Magic Mushrooms

Magic Mushrooms


Magic Mushrooms is what they are called. But the true name is psilocybin. Psilocybin is a hallucinogenic chemical in certain mushrooms that grow in Europe, South America, Mexico, and the United States. Some individuals use “magic mushrooms” as a recreational drug because it can provide a euphoric feeling. Researchers at Johns Hopkins Center for Psychedelic and Consciousness Research published a study regarding the safety and positive effects of psilocybin back in 2006. Research continues today to determine whether it may be used to treat various medical conditions safely.

In the United States, however, magic mushrooms are still illegal in all fifty states. Denver, Colorado and Oakland, California have both signed legislations to decriminalize magic mushrooms opening the door for researchers to explore potential medical benefits.

While the recreational use of magic mushrooms is still illegal across the United States, activists in some states are pushing to make it legal on a more wide-spread basis. In November 2020, Oregon became the first state to legalize psychedelic mushrooms. As more research continues on the medical and therapeutic benefits of magic mushrooms, the United States could see a gradual change in their legality.


Psilocybin works by activating serotonin receptors, most often in the prefrontal cortex. This part of the brain is what affects our mood, cognition, and perception. Many things can factor. For example, the quantity of the drug a person consumes and if they have had past experiences. Effects usually occur within 30 minutes of partaking of the mushroom and can last up to 4-6 hours. In some individuals, changes in sensory perception and thought patterns can last for several days.

In medical settings, doctors have tested psilocybin for treating cluster headaches, depression, end stage cancer anxiety, and other forms of anxiety. However, some scientists have questioned its effectiveness and safety as a therapeutic measure.

The amount of psilocybin in dried mushrooms is about ten times higher than that found in their fresh counterparts.


An analysis of a drug survey taken by a large international drug firm suggested that psilocybin is a relatively safe drug. They found that only 0.2% of magic mushroom users have sought emergency medical care. The Journal of Psychopharmacology states that such adverse incidents are usually psychological in nature and are resolved in 24 hours.

It sounds like it was more of a “panic attack.” Which could simply be brought on because the person was experimenting and then didn’t like the results. They simply, for lack of a better word, “freaked out.” And went to seek medical help. This is just an opinion on the topic due to the fact that such a small percentage of user have sought medical care.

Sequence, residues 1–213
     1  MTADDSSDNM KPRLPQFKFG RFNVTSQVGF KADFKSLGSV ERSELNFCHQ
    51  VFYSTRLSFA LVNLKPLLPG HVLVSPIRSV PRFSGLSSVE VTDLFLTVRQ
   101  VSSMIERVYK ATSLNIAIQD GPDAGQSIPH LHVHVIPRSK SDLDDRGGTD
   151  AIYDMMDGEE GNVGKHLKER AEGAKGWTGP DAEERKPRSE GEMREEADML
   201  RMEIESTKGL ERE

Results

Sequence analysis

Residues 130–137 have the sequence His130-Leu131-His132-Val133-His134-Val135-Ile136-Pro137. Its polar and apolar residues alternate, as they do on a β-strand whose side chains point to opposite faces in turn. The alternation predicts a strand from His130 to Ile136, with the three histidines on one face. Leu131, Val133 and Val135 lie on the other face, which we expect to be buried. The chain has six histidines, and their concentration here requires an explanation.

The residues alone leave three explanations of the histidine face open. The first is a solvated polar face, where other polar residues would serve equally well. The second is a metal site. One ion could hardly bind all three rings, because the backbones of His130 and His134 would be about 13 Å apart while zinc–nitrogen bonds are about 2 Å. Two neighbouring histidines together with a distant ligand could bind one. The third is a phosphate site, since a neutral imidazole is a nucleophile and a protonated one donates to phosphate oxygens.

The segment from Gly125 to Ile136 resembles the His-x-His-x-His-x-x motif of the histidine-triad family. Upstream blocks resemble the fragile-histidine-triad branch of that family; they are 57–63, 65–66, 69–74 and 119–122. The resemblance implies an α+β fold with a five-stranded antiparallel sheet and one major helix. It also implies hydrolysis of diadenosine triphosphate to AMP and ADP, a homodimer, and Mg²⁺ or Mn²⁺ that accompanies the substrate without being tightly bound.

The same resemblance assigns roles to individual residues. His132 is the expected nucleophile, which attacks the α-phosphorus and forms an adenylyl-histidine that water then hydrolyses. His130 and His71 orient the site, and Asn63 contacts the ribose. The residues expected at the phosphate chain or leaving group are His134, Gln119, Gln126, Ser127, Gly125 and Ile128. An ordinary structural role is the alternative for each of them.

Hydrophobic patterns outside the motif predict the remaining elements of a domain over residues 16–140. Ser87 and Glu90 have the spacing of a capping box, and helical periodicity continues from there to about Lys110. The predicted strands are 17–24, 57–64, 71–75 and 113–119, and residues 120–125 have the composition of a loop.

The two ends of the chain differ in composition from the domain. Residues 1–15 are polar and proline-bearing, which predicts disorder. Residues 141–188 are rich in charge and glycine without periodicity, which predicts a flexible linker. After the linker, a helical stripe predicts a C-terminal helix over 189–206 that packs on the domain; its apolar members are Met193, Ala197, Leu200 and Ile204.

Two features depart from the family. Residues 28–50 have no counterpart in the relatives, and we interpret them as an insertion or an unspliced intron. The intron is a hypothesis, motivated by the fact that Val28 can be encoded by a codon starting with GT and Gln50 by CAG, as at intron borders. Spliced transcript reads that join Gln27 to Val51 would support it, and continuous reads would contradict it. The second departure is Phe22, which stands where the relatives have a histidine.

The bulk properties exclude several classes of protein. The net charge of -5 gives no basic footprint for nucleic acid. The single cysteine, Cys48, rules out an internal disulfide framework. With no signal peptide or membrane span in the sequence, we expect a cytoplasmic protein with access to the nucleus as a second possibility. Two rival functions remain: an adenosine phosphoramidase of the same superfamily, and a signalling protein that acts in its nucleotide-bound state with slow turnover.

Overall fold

Scientific studies have emerged suggesting positive mental health benefits to these ‘magic mushrooms’, resulting in generally positive press about the drug. But researchers have pointed out that ongoing study is crucial for guiding public policy and identifying safety precautions regarding psychedelics.

Increasing studies are being done and the results that are be produced is very interesting. Information is emerging that suggests that there are positive mental health benefits to “magic mushrooms.”  Researchers are quick to recommend ongoing studies before setting a public policy. The also recommend that safety precautions should be identified before changing any laws regarding psychedelics.

Previous evidence suggests psilocybin-containing mushrooms are relatively safe especially regarding physiological toxicity, but overall, there is little academic research on the occurrence and nature of adverse reactions.

Emma Kopra, a PhD student at King’s College London has done extensive research on the effects of magic mushroom. She states in PsyPost that “No drug is entirely risk free, but relative to most recreationally used drugs, psilocybin mushrooms demonstrate a good safety. We found that most adverse reactions were psychological in nature and, importantly, were reported to be short-lasting.” Overall, the study authors suggest that severe, adverse reactions to magic mushrooms are very rare and tend to be short-lived.


Psilocybin is currently being investigated in clinical trials for mental health conditions across the world. Testing is being done in research settings as well as recreational settings where magic mushrooms us is prevalent. They are closely monitored with distinct safety considerations and risk profiles. Keep in mind, we do not condone or condemn the information listed in this blog. It is for educational purposes only. We recommend you do your own research and check the laws in your area regarding magic mushrooms.

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